Released: January 5th 2012
My Rating: 4.75 stars out of 5
Find it on Goodreads
Who would have guessed that four minutes could change everything?
Imagine if she hadn't forgotten the book. Or if there hadn't been traffic on the expressway. Or if she hadn't fumbled the coins for the toll. What if she'd run just that little bit faster and caught the flight she was supposed to be on. Would it have been something else - the weather over the Atlantic or a fault with the plane?
Hadley isn't sure if she believes in destiny or fate but, on what is potentially the worst day of each of their lives, it's the quirks of timing and chance events that mean Hadley meets Oliver...
Set over a 24-hour-period, Hadley and Oliver's story will make you believe that true love finds you when you're least expecting it. (from Goodreads)
So I’m not entirely sure how to write this review. Not because I didn’t like the book (I freaking LOVED it) but because I don’t know how to justify my intense adoration for it. I’m a notorious hater of insta-love, and the events in this novel take place over the course of twenty-four hours. But guys...it didn’t feel like insta-love. Probably because it wasn’t love. It was the beginnings of it. The start of a new relationship you know will be awesome and fantastic. The Statistical Probability of Love at First Sight was the story of how Hadley and Oliver met – what happens after that, we don’t know. And we don’t need to know – because that first meeting, their first day together, was enough for me. Just awesome.
Hadley was a character I could easily relate to. I could understand how she was feeling and why she was so upset with her dad remarrying so quickly after the divorce with her mum. I think I’d probably feel the same way if I were her (though Hadley’s sarcastic remarks were much better than mine would have been :P) and it was because of this that I really enjoyed seeing the effect Oliver’s influence had on her and how she slowly began to change and start to realise that while her dad definitely did stupid things and wasn’t perfect, she still loved him and didn’t want to shut him out of her life anymore. I think Hadley grew up a lot in those twenty-four hours - and it didn’t seem completely unrealistic. Okay, some things she did seemed a bit odd, but I could believe why Hadley began to change her mind about her dad. It was something that could really happen to anyone in life, and I think Hadley was quite brave to do what she did. I don’t know if I could have been as mature and forgiving.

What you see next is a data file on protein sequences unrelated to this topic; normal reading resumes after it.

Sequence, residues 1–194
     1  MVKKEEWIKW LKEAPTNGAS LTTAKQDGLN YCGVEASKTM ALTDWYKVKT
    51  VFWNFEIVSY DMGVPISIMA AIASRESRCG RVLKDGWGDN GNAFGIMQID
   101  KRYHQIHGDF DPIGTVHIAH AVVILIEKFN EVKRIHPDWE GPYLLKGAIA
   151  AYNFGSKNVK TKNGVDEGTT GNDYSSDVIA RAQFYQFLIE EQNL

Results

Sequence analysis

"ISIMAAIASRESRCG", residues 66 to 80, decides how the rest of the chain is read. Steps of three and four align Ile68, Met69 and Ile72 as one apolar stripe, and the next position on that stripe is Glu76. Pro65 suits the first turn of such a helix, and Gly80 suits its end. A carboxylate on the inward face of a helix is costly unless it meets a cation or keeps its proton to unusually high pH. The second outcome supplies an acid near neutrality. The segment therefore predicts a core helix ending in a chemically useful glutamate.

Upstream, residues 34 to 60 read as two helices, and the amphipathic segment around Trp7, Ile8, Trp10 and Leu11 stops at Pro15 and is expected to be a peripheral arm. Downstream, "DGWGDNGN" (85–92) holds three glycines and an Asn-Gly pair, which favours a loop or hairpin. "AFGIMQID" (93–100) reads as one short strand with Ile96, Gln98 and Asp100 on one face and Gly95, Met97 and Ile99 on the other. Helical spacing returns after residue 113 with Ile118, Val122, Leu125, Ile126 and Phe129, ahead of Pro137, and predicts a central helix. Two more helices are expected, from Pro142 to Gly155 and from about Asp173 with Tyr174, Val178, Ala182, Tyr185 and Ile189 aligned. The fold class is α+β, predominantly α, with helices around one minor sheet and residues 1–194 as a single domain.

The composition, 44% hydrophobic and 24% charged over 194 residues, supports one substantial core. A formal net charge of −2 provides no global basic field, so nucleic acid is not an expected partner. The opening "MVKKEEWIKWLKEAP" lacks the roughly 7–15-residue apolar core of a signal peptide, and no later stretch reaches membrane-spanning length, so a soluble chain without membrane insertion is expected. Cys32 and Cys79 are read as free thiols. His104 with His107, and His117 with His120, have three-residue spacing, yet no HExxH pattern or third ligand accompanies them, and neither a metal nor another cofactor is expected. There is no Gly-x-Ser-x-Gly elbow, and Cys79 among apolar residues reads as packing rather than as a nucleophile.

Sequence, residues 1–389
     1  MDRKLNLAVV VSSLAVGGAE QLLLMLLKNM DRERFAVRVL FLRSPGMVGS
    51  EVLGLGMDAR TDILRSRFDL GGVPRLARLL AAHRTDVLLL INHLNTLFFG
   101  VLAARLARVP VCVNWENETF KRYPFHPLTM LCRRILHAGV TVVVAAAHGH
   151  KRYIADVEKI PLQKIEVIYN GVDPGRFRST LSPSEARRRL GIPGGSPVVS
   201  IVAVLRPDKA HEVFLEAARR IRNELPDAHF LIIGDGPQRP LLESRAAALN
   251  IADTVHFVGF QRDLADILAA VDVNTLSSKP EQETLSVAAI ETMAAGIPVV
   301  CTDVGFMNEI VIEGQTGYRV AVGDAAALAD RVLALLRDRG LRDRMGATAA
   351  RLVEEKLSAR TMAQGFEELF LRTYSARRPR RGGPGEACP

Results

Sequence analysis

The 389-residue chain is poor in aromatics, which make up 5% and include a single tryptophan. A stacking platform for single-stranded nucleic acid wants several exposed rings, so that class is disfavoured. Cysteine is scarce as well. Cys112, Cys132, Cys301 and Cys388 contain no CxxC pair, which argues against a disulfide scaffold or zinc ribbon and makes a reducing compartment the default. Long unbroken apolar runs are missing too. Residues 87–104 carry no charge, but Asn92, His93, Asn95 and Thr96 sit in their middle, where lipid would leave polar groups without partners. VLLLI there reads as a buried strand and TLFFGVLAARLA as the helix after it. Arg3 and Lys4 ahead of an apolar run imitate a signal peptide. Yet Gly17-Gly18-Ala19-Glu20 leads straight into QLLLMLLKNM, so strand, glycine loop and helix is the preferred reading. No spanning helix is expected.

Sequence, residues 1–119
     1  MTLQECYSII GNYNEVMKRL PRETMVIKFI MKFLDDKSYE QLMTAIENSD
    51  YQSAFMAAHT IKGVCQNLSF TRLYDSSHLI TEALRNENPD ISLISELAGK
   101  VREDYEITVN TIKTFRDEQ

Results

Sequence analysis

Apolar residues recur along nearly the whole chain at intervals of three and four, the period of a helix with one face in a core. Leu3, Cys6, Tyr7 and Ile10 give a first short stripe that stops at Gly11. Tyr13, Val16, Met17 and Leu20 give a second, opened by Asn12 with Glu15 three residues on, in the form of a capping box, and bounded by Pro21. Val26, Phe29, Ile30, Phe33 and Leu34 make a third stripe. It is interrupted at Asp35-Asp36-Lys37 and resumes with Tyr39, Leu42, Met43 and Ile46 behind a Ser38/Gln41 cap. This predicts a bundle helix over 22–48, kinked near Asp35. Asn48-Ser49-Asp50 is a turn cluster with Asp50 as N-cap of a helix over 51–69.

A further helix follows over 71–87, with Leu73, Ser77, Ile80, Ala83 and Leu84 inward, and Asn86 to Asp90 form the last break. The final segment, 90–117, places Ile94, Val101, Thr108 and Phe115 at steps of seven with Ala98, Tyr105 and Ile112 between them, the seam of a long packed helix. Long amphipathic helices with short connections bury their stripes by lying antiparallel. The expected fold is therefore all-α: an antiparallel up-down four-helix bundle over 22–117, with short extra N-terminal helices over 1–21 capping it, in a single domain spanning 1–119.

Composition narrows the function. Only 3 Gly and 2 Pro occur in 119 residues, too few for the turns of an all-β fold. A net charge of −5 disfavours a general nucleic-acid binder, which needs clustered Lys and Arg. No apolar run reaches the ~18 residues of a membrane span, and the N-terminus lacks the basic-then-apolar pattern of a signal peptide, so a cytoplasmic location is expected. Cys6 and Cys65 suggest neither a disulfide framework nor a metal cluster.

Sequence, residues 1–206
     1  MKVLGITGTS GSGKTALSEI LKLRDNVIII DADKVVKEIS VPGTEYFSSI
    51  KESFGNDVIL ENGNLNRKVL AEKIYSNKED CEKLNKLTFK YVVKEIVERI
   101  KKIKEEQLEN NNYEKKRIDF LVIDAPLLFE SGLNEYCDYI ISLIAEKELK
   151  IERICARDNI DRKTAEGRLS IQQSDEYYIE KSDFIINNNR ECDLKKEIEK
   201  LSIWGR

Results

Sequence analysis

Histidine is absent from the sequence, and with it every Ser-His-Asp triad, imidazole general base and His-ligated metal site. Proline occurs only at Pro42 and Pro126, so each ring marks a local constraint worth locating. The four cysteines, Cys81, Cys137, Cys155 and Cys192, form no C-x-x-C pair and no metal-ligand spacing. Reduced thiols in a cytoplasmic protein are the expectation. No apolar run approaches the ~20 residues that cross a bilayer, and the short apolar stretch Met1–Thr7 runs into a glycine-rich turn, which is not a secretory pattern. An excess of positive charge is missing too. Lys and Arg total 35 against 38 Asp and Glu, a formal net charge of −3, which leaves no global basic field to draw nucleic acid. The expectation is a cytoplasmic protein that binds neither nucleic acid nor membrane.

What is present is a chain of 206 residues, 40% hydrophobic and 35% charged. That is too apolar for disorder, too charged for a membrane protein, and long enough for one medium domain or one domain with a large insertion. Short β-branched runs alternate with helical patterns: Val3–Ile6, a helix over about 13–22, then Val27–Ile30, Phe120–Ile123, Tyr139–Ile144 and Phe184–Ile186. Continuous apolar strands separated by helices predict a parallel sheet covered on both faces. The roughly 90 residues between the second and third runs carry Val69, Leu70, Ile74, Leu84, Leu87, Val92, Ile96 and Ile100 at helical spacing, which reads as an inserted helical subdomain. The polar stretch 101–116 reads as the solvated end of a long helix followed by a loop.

Oliver. Omg, Oliver. He. Was. So. Cute. I ADORED him! He was hilarious, sweet, kind, awesome and just amazingly lovely, and knew exactly how to make Hadley feel better. He was going through his own stuff too, that he didn’t share with Hadley right away, but he still tried to stay positive and cheer Hadley up with some ridiculous conversation about koalas or mayonnaise. I liked him from the first moment he was introduced to the very last page where everything was wrapped up. The spark, the chemistry between Oliver and Hadley when the met was so, so brilliant and well-written - the kind that you know could only mean the start of a great love story. And while this was only the start, there was this warm feeling in my stomach that made me feel like these two would be okay, that things would work out for them. This was the kind of romance you daydream about when you’re in the middle of a boring class, or when you’re sitting at home on a rainy day – the awesomest kind there is.
The writing style in The Probability of Love at First Sight was quite unusual (third person present tense, which I don’t think I’ve ever come across before). It took a bit of getting used to, but I grew to love it and appreciate the effect it had on the story and on us as readers. I think you just need to read this book to understand what I mean (and you should definitely, definitely read this book). The story also flowed really well, and I loved the way it all played out. It was cool how Hadley and Oliver kept running into each other, and how when they were apart, they were still thinking of each other. Their first encounter definitely connected the two together – there was something between them, and they both knew it.
Overall, The Statistical Probability of Love at First Sight was an amazing read that everyone – even cynics (I’m a cynic, I swear, but this book has the power to make anyone gush and smile) – need to read. I hope it makes you all feel all warm and fuzzy inside, like it did me. Comes with my highest recommendation.